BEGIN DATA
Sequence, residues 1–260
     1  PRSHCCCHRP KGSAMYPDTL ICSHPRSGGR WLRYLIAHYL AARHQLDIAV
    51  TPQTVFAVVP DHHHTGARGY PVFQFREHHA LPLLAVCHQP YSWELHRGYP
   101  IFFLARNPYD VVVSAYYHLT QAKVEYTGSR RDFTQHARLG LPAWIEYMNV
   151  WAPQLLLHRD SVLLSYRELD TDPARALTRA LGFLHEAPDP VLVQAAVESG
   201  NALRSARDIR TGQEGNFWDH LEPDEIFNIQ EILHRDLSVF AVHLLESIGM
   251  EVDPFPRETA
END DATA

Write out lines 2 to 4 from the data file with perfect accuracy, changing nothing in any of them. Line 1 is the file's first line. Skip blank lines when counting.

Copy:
     1  PRSHCCCHRP KGSAMYPDTL ICSHPRSGGR WLRYLIAHYL AARHQLDIAV
    51  TPQTVFAVVP DHHHTGARGY PVFQFREHHA LPLLAVCHQP YSWELHRGYP
   101  IFFLARNPYD VVVSAYYHLT QAKVEYTGSR RDFTQHARLG LPAWIEYMNV